Most IT organizations today are still in the process of converting physical devices into virtual appliances that can run on standard x86 servers. That approach not only reduces the number of physical systems that need to be deployed, it also serves to help make IT operations teams more agile. Now, however, it’s only a matter of time before most of those appliances start showing up as containers.
One of the first examples of this trend is coming from Citrix. At the recent Citrix Synergy 2016 conference Citrix demonstrated NetScaler CPX, an instance of its application delivery controller (ADC) delivered as a Docker container.
NetScaler CPX can be provisioned and deployed using the Docker command line just like any other container, which enables IT organizations to invoke ADC functions within the context of a microservices architecture. IT organizations can make use of the same NetScaler code base across physical appliances, virtual machines and, now, containers. The latter capability is critical because it enables developers to implement ADC functionality within their applications without requiring assistance from the IT operations team.
Citrix and ADCs
Citrix doesn’t plan to stop there. The massive amounts of data passing through NetScaler ADCs can now be aggregated in a big data repository called the NetScaler Management and Analytics System (MAS). That log data then will be used to automate any number of network and system services at levels of unprecedented scale.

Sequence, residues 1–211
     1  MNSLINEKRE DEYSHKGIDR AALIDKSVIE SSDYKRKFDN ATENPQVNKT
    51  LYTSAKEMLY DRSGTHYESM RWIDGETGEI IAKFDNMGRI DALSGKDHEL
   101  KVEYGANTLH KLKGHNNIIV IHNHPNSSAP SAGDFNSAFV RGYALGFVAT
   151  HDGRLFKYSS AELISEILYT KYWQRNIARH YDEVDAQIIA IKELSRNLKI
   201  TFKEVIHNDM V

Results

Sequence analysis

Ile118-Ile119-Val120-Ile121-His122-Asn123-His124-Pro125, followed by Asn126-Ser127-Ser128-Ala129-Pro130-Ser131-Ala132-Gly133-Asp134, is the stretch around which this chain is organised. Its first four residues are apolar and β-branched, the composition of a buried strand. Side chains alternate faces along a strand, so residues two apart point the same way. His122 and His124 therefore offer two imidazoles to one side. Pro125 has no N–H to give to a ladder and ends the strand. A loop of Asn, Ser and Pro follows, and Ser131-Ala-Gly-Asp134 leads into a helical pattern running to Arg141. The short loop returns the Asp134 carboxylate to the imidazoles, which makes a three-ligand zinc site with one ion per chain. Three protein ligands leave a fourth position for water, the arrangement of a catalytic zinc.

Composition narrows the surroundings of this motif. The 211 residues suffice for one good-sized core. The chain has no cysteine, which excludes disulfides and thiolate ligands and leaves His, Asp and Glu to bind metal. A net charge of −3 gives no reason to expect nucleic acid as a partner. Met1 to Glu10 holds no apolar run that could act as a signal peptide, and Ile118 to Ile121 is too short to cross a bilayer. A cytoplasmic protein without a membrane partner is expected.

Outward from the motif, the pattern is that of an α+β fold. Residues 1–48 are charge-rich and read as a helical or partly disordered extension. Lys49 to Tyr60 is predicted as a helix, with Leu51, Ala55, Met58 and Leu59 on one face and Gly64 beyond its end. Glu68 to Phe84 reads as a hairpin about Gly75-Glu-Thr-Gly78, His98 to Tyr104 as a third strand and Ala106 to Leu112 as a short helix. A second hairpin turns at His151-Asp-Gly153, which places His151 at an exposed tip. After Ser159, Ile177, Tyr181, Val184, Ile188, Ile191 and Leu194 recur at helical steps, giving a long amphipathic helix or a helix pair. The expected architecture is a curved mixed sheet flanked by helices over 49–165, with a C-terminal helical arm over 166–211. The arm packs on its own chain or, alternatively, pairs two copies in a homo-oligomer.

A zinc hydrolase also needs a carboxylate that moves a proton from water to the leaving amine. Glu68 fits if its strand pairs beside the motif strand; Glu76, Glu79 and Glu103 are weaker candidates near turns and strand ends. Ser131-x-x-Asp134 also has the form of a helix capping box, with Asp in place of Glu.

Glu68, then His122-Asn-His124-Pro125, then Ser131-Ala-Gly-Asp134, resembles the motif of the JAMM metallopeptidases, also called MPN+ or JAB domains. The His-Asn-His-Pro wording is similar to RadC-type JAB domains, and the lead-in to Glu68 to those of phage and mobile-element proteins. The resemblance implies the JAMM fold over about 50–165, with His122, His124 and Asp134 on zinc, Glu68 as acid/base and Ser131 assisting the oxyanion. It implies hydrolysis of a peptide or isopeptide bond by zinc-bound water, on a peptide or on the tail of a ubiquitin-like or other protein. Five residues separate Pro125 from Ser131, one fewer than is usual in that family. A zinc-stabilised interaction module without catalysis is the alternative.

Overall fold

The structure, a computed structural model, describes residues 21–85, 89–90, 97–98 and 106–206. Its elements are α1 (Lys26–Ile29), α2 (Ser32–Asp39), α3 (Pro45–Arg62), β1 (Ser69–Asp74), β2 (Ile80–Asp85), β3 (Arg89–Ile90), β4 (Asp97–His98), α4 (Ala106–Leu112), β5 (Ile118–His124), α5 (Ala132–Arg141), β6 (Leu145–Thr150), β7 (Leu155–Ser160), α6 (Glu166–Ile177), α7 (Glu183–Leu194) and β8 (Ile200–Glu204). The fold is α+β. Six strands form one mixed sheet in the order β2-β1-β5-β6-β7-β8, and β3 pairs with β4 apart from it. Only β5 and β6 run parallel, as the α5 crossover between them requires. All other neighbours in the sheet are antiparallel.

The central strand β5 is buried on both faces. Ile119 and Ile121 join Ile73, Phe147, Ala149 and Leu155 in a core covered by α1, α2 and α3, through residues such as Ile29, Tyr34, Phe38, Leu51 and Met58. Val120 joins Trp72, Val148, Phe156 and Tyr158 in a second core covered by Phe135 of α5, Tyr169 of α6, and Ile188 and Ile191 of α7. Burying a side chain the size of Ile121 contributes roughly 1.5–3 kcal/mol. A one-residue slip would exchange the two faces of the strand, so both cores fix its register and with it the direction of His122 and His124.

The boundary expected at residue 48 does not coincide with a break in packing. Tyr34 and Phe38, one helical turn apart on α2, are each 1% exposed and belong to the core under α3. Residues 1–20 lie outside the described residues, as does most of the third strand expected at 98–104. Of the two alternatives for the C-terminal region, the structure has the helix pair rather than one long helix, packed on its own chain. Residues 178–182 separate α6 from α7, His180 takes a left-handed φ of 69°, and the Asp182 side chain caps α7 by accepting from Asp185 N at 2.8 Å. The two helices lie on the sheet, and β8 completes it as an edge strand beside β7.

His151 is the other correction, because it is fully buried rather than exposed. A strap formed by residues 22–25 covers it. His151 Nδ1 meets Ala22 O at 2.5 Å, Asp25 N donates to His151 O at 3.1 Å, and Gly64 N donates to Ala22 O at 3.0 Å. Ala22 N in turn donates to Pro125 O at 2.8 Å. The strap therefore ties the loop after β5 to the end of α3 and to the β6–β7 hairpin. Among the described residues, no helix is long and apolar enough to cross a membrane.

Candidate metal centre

The implications for deploying ADC and other types of networking appliance as containers could be profound. The networking industry as a whole is pouring millions of dollars into developing network functions virtualization (NFV) software designed to run on virtual machines. The future of networking, however, may very well wind up being determined by appliances running inside containers deployed on bare-metal servers.
Youcef Laribi, a principal architect for the NetScaler team at Citrix, told conference attendees that, given the more granular nature of microservices, it’s crucial to find a way to manage all the inherent complexity associated with managing all those services. The end result, he said, is an ability to create an IT environment that is resilient enough to deal with all the rapid changes take take place naturally when employing microservices.
As yet, most internal IT operations teams are not prepared to cope with the rise of containers in particular and microservices in general. But given the rate at which developers are embracing containers, it’s only a matter of time before microservices become the dominant enterprise IT architecture. In fact, it’s arguable that developers now have become the most dominant influencer of what products and technologies ultimately get deployed.
In the meantime, traditional IT vendors such as Citrix can take comfort in the fact that ADCs might prove to be more relevant than ever in a new age of cloud-native applications, also known a mode two applications within the context of a bimodal IT environment. The challenge, of course, will be figuring out not only when and where to deploy ADCs as containers, but, just as significantly, how many will be required.